“Fables” is a tough book for me to review because I am such a stark raving fan, impartiality eludes me. To me “Fables” represents the only other series to be consistently spectacular in story, character, and all the other little tools of storytelling that make a comic book fan spend an entire day reading through back issues of a series. Also? These articles were postulated to show that the two big publishers could be doing better. Yes, yes, yes “Fables” is a Vertigo book and is technically owned by DC, but that’s like saying the city of Los Angeles owns the Pantages Theatre because of zoning laws. In fact, if DC paid more attention to Vertigo they might learn something.
One of the drawbacks about being a “Fables” fan is that I have to tell new readers that they can start from any story arc and not worry about past histories. What I want to do is shake them and yell that they have to read every issue and weep about Prince Charming but exalt the Frog Prince Ambrose as the compassionate king of Sanctuary—feel the fear from the spindly needle fingers of Mister Dark while cheering Boy Blue through the lands of the Empire. In reality, every story is compartmentalized and self sustaining. You don’t need to know the intrigue and magic the Pied Piper stirred in the pages of “Peter and Max” to understand the current conflict nor would you need to know how Cinderella had her own spy escapades behind the scenes in her own book, it might even be superfluous to talk about the beautiful art in the pages of “Fairest”—okay I’ll stop. The point is that while brief mentions are made to the past, it is much more fluid and natural than more conventional books that feel the need to staple a brief synopsis in the margins. So even if you haven’t been reading every delicious issue, nothing is standing in your way.
In this issue of “Fables” they have one of the most brilliant story progressions I have seen. It involves immortality, machine guns, and cement. See? Intriguing. But really this might not have been the best issue to analyze—not that it’s a bad or boring issue. Much of it is dedicated to addressing issues of the past. But I’m not a liar; you guys just go back a few issues. Anyway, if you are a fan, this issue was packed to the brim with goodies for your eyeholes. Brandish is back and Dr. Swineheart is there to see this miraculous dead body rise from the slab. It is fantastic character development to show the doctor perhaps not truly aligned with Fabletown’s best interest. He is an arrogant, pompous man but he is also a man dedicated to his craft, always learning and preserving his work. After all, anyone who dies tarnishes his record. How freakin’ cool is that? It took all of one issue for him to flip allegiances and it seems completely natural to his character. This whole issue is choked full of character treats for truly every fan is chuffed to see Rose Red prove she is a complete badass not to be trifled with.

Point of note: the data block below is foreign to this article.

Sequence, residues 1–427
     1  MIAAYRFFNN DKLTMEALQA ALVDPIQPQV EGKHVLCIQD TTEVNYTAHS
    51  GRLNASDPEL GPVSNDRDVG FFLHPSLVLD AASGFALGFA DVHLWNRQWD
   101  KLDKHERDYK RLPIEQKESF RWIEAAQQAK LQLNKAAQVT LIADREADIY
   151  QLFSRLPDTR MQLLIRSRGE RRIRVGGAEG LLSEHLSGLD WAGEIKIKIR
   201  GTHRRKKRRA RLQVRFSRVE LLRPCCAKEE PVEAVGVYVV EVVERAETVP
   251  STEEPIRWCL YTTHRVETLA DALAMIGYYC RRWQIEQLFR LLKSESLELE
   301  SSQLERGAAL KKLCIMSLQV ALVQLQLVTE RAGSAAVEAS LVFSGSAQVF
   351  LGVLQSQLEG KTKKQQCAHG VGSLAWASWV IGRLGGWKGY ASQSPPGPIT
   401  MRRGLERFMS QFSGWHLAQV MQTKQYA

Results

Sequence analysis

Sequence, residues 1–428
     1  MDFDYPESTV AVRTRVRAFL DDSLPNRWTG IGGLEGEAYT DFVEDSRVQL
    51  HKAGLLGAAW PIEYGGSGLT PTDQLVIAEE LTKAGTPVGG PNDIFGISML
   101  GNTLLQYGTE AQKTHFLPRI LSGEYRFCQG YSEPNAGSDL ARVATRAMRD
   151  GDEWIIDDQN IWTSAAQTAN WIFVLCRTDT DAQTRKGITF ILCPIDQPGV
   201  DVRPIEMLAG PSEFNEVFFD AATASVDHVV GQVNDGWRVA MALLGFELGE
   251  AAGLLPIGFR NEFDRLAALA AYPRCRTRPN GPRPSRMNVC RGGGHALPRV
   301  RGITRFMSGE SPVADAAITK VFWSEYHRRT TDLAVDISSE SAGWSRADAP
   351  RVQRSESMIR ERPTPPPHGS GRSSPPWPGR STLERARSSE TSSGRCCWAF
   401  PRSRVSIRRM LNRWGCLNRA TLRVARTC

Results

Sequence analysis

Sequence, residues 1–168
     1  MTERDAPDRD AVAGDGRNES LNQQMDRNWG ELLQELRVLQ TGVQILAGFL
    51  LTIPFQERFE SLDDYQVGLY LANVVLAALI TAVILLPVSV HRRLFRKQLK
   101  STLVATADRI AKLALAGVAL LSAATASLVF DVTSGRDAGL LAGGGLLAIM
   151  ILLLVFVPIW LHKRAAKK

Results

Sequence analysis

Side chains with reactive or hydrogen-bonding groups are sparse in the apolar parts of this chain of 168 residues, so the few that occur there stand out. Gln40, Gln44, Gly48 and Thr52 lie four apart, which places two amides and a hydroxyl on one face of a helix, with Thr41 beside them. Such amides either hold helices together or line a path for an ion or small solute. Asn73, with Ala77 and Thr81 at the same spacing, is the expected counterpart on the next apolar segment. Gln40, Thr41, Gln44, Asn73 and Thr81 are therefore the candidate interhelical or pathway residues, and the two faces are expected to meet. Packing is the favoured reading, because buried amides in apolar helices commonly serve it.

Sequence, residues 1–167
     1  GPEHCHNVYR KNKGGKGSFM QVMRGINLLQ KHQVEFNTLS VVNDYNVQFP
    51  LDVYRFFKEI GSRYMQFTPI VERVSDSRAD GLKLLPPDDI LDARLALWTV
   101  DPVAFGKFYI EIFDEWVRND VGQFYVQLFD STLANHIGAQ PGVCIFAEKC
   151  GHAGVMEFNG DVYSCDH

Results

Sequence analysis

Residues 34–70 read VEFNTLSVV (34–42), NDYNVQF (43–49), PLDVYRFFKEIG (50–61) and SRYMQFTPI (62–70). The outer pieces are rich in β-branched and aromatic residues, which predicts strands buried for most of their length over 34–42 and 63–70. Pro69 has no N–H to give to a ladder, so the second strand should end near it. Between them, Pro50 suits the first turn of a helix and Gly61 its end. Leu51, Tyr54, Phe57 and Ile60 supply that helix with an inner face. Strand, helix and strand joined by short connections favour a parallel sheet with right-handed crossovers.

One of the central pillars, story wise, of this issue was Rose Red deciding to affirm her new life’s purpose. She will reform the Knights of the Round Table. The mere name has resonance and connotation abound and every character involved feels the reverence and relevance, though each in their own way because everyone knows Reynard the fox doesn’t come straight out and admit he’s pleased to be asked. And that’s the thing; this is a transition issue, wrapping up the tangles from the previous story arc while introducing the exciting tidbits for the next. It worked, I am shaking with anticipation, I just wish I didn’t have to shake for an entire month until the next issue.
Do I have to compare it to “Invincible”? I do? Fine. The trouble with that comparison is the limited tools in “Invincible’”s tool box. It has been established that “Fables” deals with all conventions of fiction and literature—including superheroes! Meanwhile, “Invincible” is confined to speaking in the common idiom of superhero books. Even if I were to compare artistic styling I would hit a wall because each book has an artist that complements their story perfectly—though I would not be opposed to a switch up like “Freaky Friday” but instead of bodies the books switch artists.